I was told that "it is no use" is followed by a gerund, not an infinitive in current English. What about the "it is of no use"? Does it pattern in the same way?
Consider the following:
- It is no use asking John for help.
- It is no use to ask John for help.
- It is of no use asking John for help.
- It is of no use to ask John for help.
In this connection, note the following 19th-century English:
"To think that because those who wield power in society wield in the end that of government, therefore it is of no use to attempt to influence the constitution of the government by acting on opinion, is to forget that opinion is itself one of the greatest active social forces. "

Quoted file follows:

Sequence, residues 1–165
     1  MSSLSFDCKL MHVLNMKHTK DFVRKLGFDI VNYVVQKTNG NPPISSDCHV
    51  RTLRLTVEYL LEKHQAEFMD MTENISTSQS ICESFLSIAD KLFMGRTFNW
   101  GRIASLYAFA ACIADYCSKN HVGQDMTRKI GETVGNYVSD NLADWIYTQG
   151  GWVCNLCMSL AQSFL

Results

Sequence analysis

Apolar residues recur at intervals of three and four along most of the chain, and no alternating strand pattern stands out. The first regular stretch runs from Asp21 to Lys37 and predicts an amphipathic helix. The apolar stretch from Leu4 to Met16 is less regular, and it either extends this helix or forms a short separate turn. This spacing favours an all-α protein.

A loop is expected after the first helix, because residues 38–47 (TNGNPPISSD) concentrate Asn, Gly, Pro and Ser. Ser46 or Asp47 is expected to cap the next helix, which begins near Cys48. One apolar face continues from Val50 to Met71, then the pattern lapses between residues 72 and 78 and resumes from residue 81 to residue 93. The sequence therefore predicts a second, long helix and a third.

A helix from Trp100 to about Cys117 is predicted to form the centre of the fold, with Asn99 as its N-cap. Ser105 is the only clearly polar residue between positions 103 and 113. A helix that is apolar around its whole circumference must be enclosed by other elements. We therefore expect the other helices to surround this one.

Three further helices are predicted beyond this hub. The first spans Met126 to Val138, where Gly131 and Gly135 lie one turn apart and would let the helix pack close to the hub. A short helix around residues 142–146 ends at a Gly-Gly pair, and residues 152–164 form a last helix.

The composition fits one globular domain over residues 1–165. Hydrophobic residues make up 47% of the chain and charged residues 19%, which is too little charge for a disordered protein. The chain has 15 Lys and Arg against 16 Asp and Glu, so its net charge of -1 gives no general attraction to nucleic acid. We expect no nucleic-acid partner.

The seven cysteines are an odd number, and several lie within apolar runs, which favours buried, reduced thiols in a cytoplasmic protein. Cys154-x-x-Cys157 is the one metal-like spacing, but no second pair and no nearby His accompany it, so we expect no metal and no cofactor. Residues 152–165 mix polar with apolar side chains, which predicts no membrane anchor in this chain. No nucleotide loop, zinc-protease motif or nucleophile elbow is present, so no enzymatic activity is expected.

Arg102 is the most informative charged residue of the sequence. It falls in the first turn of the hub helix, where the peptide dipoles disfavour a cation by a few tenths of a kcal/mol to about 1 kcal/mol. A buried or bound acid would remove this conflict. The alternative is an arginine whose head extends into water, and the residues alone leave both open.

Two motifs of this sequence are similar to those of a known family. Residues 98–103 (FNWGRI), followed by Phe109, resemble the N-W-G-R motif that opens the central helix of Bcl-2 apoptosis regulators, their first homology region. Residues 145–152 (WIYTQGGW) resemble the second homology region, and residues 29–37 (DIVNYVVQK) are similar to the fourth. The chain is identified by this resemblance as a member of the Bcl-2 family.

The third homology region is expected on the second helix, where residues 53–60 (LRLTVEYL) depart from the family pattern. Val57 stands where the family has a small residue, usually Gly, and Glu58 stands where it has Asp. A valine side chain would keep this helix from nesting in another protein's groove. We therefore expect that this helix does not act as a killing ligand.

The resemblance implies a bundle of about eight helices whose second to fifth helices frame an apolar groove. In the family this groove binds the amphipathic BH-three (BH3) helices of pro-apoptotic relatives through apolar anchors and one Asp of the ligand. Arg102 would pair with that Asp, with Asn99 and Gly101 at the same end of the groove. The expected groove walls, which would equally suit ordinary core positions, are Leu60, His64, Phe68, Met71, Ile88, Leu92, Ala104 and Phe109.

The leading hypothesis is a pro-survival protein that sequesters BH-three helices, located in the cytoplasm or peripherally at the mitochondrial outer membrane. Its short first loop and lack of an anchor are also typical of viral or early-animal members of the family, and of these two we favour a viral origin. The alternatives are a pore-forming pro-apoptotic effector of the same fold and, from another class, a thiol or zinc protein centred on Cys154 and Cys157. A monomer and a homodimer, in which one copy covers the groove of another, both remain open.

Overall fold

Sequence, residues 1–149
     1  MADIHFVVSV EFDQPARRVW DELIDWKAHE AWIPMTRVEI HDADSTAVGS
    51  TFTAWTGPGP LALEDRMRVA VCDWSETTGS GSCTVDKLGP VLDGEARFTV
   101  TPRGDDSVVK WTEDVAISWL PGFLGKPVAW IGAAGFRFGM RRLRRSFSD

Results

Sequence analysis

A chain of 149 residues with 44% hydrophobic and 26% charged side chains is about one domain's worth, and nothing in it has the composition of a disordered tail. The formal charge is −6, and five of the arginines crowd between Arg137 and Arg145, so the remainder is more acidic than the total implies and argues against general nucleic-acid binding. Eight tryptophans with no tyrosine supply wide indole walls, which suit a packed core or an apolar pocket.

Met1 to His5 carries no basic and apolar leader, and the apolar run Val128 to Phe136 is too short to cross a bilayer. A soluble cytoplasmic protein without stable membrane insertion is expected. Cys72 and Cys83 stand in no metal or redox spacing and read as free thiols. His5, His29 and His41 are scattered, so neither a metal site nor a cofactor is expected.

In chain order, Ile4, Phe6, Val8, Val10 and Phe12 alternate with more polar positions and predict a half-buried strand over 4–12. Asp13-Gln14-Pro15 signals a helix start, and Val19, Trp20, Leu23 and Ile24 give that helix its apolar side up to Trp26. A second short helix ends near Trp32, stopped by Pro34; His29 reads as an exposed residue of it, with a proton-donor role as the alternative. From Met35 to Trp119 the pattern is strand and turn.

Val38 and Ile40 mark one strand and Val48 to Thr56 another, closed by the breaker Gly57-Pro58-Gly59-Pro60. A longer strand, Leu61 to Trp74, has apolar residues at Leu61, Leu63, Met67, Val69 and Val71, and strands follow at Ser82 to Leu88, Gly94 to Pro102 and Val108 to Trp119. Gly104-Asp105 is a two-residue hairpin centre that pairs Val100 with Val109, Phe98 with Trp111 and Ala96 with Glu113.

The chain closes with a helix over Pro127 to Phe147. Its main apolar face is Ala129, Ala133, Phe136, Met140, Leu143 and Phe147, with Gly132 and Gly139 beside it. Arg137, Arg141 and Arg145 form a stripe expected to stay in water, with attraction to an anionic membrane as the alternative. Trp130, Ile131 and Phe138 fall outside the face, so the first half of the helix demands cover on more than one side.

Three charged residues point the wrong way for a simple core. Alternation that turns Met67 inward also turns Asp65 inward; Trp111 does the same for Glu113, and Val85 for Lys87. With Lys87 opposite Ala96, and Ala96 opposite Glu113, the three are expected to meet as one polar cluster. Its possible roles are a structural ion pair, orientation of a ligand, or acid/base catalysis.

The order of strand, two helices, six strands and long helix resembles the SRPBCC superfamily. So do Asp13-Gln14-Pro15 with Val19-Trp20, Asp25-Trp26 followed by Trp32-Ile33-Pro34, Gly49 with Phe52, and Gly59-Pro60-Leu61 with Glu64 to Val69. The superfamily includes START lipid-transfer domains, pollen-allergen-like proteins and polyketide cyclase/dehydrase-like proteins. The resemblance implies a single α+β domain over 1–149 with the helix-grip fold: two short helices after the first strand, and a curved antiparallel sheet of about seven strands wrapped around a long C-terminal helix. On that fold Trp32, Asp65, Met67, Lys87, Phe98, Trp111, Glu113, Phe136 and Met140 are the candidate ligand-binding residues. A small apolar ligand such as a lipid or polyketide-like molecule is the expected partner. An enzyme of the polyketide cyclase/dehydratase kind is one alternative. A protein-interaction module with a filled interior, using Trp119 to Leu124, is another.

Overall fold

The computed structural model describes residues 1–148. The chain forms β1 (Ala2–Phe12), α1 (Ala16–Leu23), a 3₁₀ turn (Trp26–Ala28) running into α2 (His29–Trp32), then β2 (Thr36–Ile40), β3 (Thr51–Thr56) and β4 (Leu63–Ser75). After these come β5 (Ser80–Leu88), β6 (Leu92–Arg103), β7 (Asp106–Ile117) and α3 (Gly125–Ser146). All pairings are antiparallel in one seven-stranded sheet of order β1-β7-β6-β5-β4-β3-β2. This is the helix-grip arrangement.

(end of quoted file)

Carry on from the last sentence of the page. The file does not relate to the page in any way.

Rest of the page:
(John Stuart Mill, Considerations On Representative Government)
Would this be considered awkward in current English?